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The remains of a semi-ruined traditional stone barn standing
next to our cottage was one of the features that attracted us
to purchase our property in the Peak District National Park, although
when we first moved in, arranging a rebuild was not a priority.
However, once a storm caused the collapse of
the remaining roof section, we knew we needed to move swiftly
remains were classified as "derelict".
We were also aware that obtaining permission for the rebuild to take
place would require detailed plans and expert execution of the
for which we neither
had the expertise nor the time to spend researching.
We were fortunate to secure the services of Mr. Marshall. He was able to put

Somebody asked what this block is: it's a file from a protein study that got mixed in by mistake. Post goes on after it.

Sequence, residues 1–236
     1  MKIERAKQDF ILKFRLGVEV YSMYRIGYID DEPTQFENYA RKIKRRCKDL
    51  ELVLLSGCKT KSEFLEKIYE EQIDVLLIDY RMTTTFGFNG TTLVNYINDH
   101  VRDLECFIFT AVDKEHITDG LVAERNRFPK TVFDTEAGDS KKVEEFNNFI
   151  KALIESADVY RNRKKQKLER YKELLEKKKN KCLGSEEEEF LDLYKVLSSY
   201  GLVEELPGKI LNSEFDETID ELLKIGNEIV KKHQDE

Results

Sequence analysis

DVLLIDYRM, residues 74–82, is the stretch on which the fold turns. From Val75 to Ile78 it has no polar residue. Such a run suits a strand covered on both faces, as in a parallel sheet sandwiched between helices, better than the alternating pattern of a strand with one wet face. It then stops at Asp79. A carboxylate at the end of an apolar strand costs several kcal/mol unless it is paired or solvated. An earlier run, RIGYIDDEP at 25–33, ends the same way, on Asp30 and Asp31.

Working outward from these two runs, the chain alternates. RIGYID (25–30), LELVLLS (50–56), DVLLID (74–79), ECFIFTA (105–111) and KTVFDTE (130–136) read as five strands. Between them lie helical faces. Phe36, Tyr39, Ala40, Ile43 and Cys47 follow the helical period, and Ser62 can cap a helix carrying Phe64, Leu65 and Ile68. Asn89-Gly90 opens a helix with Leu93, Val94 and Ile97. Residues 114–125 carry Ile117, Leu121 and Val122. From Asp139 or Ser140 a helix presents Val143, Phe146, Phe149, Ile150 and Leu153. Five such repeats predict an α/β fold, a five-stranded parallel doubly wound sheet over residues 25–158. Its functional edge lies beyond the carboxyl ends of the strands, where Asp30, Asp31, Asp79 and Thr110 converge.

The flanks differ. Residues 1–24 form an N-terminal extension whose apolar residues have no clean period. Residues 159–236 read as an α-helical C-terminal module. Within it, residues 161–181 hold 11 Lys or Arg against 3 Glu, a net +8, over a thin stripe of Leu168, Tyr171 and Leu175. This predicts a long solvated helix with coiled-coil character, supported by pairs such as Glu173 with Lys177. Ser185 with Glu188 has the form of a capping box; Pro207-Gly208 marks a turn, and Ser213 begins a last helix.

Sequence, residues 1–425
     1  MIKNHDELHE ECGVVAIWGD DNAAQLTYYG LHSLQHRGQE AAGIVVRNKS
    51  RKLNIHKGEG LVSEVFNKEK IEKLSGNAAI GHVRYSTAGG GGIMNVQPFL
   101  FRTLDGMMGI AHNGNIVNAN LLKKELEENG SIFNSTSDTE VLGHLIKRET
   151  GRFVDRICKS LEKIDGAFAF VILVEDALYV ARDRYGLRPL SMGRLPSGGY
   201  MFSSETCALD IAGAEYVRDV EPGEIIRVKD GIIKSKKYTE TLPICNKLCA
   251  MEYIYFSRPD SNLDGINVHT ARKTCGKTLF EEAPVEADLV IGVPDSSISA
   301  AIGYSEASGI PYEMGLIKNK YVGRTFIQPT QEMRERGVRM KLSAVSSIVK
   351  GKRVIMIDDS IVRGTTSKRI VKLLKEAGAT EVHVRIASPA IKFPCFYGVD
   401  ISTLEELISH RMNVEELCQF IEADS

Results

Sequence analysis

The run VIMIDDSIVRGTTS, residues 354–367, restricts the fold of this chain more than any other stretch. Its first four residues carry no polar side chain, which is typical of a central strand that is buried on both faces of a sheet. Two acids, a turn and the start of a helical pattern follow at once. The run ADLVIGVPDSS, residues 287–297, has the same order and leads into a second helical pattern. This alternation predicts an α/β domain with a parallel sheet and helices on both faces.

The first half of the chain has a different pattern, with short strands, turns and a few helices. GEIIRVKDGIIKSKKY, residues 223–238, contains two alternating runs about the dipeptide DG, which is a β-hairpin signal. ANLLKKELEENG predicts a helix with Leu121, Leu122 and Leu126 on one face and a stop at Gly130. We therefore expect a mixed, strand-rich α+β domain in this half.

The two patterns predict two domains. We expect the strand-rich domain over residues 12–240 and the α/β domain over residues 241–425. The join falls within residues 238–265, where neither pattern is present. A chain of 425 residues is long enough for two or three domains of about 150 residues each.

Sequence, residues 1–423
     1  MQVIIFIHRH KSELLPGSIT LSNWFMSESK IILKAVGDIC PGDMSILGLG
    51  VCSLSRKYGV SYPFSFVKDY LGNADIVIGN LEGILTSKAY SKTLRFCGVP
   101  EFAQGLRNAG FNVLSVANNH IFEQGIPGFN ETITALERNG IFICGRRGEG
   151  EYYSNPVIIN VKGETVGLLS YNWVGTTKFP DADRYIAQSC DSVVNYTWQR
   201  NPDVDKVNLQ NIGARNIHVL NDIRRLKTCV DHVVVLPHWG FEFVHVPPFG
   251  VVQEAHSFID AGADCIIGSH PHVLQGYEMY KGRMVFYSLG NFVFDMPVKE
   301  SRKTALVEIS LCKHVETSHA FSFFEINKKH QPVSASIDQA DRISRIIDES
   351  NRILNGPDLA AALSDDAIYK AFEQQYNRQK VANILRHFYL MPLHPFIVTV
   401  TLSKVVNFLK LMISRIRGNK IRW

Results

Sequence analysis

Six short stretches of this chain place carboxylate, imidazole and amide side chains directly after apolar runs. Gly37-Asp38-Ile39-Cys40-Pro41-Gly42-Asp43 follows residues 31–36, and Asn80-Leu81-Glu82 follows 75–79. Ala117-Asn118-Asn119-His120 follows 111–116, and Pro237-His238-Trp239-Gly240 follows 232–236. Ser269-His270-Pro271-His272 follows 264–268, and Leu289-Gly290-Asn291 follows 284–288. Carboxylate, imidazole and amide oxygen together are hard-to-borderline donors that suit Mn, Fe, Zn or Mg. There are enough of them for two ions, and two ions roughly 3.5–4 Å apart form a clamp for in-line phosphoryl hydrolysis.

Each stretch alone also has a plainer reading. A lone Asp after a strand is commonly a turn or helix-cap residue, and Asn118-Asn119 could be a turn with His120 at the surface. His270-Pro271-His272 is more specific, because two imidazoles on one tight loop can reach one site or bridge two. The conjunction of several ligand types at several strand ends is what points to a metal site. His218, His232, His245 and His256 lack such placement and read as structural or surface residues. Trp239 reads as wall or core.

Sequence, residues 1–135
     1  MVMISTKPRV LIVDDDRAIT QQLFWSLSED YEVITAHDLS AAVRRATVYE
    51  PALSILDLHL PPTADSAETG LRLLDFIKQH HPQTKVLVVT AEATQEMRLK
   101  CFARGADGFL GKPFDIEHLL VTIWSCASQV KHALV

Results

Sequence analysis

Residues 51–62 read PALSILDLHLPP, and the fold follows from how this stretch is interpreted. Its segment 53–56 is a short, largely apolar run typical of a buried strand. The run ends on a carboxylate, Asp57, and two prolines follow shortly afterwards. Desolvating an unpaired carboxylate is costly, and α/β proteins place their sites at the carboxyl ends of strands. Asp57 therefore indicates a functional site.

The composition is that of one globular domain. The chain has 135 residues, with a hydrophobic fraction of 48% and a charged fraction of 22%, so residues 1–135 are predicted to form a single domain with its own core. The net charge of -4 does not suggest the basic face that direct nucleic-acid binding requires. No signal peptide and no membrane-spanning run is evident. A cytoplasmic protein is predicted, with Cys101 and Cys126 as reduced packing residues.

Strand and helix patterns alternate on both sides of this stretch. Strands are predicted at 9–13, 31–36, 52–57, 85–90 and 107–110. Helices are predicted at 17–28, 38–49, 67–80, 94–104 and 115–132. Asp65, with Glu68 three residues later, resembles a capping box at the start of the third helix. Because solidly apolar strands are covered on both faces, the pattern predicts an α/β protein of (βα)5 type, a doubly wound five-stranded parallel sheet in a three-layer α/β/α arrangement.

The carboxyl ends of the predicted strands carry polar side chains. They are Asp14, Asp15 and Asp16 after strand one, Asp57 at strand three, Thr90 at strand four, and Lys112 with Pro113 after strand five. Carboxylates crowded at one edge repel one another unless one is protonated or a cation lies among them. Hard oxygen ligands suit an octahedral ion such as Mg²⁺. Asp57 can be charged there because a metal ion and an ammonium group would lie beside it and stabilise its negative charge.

us in touch with an experienced architect, who drew up plans and negotiated with
the appropriate authorities. Instead of the year or so we expected the planning
process to take, we actually received permission for the rebuild to go ahead
in under six months.
Mr. Marshall moved his team in that summer, and in an incredibly short time the
site had been cleared and was ready for the rebuild to commence. Two of the walls
from the original structure were left standing and the new material was skilfully
tied in with the old. Despite having to comply with six pages of detailed requirements
from the Peak Park Planning Authority, the rebuild progressed smoothly throughout
As the year turned to autumn, the weather also deteriorated, but the work continued
through rain and snow until the whole of the main section of the barn was completed,
barely a year after the initial roof collapse the previous winter.
The next summer Mr. Marshall returned, as planned, to complete a small extension
section on the building and again the work was carried out on schedule and with
We now have a beautiful and useful workshop and garage, which we fully expect
to stand for as long as the cottage itself - which has been recorded as over
200 years old.